Shipyards

Although the U.S. shipbuilding industry successfully produced ships in diverse designs and purposes, every shipyard once had a common problem. All shipyards exposed their workers to dangerous amounts of asbestos.

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Shipyards were once one of America’s largest employers. Shipyard workers numbered in the hundreds of thousands, and they labored to assemble marine vessels of every size and configuration.

Steam-powered ships first relied on wood and coal as their heat energy source to create steam for driving propulsion systems.

That changed in the 1930s when oil became commonly used. These new diesel-powered vessels presented a similar challenge as older fossil-fueled ships did. That was insulating them against heat and noise as well as making them as fire-resistant as possible.

Right about that time, asbestos began a seven-decade run in the shipyard business.

Asbestos in Shipbuilding
Asbestos seemed the perfect shipbuilding material. It was exceptionally resistant to fire, worked as a superior product for thermal control and acted as an excellent sound deadener.

Unfortunately, tens of thousands of American shipyard workers suffered asbestos exposure and are at high risk of developing deadly diseases like mesothelioma as a result.

Shipyard Workers and Asbestos Exposure

Working with asbestos created loose particles through sawing, drilling, cutting, sanding and shaping asbestos products.

When shipyard workers inhaled these tiny asbestos particles, the sharp mineral-based shards stuck in their lung linings or mesothelium.

Shipyard workers exposed to airborne asbestos fibers included:

  • Naval architects and drafters
  • Structural, electrical, mechanical, and nautical engineers
  • Government regulators and inspectors
  • Welders and metal fabricators
  • Electricians, plumbers, and ventilation specialists
  • Insulation applicators
  • Painters, tilers, and finishing tradespeople
  • Boilermakers, steamfitters, and high-pressure pipe workers
  • Fabric technicians
  • Maintenance, janitorial, and clerical staff
  • Naval officers, enlisted persons, and civilian contractors

While many asbestos-based were installed and secured in ships, they were relatively safe unless disturbed.

The very process of building a vessel made with asbestos products created a working environment filled with dangerous airborne asbestos fibers.

Asbestos fibers can’t break down as organic contaminates do. They stay in the mesothelium forever. Over time, asbestos fibers create scar tissue which becomes the deadly disease known as mesothelioma.

Did You Know?

The Risks of Asbestos Exposure Were Hidden

The dangers of exposure to asbestos were well-known by the 1930s. That said, the manufacturers of asbestos-containing products hid the risks from their customers, putting thousands of shipyard workers at risk.

Asbestos-Containing Products Used in Shipyards

Asbestos-containing materials became the most widely used material in American shipyards in addition to metals like steel, copper, and aluminum.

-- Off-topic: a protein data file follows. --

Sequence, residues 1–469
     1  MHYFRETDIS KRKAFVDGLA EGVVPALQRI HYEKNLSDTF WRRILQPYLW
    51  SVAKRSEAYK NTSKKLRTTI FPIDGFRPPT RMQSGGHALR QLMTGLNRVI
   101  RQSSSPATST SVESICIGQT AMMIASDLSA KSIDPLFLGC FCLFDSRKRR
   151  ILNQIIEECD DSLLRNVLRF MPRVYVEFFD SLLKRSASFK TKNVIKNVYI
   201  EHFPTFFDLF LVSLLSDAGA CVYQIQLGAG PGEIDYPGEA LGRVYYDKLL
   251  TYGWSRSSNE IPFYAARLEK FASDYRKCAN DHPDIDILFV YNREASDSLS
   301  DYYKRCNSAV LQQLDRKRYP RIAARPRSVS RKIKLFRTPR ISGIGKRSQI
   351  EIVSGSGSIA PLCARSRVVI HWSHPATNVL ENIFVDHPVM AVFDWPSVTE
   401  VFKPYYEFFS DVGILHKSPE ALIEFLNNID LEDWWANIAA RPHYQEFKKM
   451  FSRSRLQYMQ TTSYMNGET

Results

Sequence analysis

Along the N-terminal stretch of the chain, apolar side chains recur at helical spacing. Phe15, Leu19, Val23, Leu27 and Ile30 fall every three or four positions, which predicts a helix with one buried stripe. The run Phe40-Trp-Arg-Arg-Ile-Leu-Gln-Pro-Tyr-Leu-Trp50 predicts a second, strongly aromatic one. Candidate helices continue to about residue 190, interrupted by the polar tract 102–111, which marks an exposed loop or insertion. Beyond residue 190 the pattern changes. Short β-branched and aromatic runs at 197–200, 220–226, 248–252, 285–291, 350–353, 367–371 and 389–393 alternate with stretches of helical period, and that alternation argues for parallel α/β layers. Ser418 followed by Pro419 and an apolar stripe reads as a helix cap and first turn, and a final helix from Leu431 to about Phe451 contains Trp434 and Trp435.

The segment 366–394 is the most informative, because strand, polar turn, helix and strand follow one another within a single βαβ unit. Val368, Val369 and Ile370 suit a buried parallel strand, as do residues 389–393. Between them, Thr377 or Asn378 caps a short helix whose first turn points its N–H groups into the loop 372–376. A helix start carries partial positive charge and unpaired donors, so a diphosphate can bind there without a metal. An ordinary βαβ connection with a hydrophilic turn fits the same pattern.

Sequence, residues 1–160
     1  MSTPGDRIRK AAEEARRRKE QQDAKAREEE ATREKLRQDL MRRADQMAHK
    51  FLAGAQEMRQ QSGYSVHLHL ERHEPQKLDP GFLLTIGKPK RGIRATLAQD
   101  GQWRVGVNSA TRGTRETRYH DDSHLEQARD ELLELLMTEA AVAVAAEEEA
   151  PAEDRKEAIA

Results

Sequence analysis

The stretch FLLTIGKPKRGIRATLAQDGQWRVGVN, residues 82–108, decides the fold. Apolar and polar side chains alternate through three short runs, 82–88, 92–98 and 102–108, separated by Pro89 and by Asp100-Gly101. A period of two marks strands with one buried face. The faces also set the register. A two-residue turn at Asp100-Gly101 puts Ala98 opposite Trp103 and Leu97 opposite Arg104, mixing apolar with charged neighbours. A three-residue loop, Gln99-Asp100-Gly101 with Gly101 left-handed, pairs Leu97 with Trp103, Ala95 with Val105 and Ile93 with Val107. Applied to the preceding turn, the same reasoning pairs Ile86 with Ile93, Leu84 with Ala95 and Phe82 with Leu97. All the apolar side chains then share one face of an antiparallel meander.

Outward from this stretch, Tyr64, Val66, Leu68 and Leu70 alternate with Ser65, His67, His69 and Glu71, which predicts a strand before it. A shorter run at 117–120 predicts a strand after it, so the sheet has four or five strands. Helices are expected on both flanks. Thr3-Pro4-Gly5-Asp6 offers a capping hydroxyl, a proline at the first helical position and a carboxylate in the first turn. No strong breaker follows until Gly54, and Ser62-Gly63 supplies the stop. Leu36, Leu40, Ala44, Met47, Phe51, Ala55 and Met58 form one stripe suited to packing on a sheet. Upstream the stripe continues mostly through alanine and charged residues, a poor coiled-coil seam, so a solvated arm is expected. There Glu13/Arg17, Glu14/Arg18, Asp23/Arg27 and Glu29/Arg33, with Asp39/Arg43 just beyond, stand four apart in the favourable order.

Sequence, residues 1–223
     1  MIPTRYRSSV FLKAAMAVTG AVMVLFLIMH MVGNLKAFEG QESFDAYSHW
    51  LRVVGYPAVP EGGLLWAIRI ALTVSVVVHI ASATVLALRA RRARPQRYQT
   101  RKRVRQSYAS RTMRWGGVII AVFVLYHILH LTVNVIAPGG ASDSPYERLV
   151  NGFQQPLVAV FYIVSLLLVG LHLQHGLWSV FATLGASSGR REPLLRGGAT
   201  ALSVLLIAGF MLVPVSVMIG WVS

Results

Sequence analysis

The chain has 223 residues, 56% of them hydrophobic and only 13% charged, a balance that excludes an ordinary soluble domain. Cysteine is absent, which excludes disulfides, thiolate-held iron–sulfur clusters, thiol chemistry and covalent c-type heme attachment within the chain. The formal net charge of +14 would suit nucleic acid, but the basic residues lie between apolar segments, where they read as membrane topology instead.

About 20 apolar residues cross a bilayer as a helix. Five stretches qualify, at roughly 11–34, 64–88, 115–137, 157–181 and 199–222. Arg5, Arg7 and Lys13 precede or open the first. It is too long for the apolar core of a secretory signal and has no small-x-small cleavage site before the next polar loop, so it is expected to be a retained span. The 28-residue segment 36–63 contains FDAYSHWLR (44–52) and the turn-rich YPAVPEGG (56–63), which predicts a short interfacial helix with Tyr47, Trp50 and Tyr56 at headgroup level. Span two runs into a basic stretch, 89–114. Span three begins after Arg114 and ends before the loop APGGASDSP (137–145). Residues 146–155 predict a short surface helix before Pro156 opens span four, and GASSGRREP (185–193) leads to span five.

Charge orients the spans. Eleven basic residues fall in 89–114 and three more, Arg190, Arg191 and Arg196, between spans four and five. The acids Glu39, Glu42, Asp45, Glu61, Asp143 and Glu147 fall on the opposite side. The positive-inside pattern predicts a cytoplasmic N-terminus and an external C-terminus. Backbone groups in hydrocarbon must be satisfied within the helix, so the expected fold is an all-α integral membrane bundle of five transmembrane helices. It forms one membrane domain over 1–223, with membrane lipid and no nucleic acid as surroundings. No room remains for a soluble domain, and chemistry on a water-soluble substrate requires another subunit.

Asbestos-containing products found their way around the shipyard and covered vessels from stern to bow.

Some of the uses for asbestos in shipyards included:

  • Rolled insulation around engines, boilers, and generators
  • High-pressure pipe wrapping
  • Acoustic control in engine rooms and propulsion areas
  • Fireproofing materials throughout ships including halls, galleys, and sleeping quarters
  • Protection in munition rooms
  • Gaskets and friction control devices
  • Fireproof protective clothing and upholstery fabrics
  • Floor and ceiling tiles
  • Paint, glue, and adhesives
  • Welding rods and flux additives

Did You Know?

Asbestos-Containing Products Were Widely Used

Asbestos-containing products were readily accessible in shipyards from the 1930s to the mid-1980s. Asbestos was easy to add to other products as a stabilizer. It was also widely available and inexpensive.

Asbestos-containing products were non-corrosive which was ideal for salty seagoing conditions. Electrical non-conductivity was another plus for installing asbestos onboard ships.

It wasn’t just ships constructed with asbestos. Every part of the shipyard facility used asbestos products. That included the dockyard buildings and housing built for workers and their families.

Asbestos was in offices and machine shops as well as cafeterias and washrooms. There was no safe place where shipyard workers could escape asbestos exposure.

Compensation for Shipyard Workers with Mesothelioma

American shipyard workers who developed mesothelioma from workplace asbestos exposure can claim for compensation.

Funds are available for lost income, punitive damages, and medical expenses. Mesothelioma victims’ families can request on their behalf. They can also file lawsuits for wrongful death cases.

We can tell you more about asbestos exposure, mesothelioma, and how to receive compensation if you worked in a shipyard. Download our free mesothelioma guide today.

Mesothelioma Support Team
Stephanie KiddWritten by:

Editor-in-Chief

Stephanie Kidd grew up in a family of civil servants, blue-collar workers, and medical caregivers. Upon graduating Summa Cum Laude from Stetson University, she began her career specializing in worker safety regulations and communications. Now, a proud member of the American Medical Writers Association (AMWA) and Editor-in-Chief of the Mesothelioma Cancer Network, Stephanie serves as a voice for mesothelioma victims and their families.

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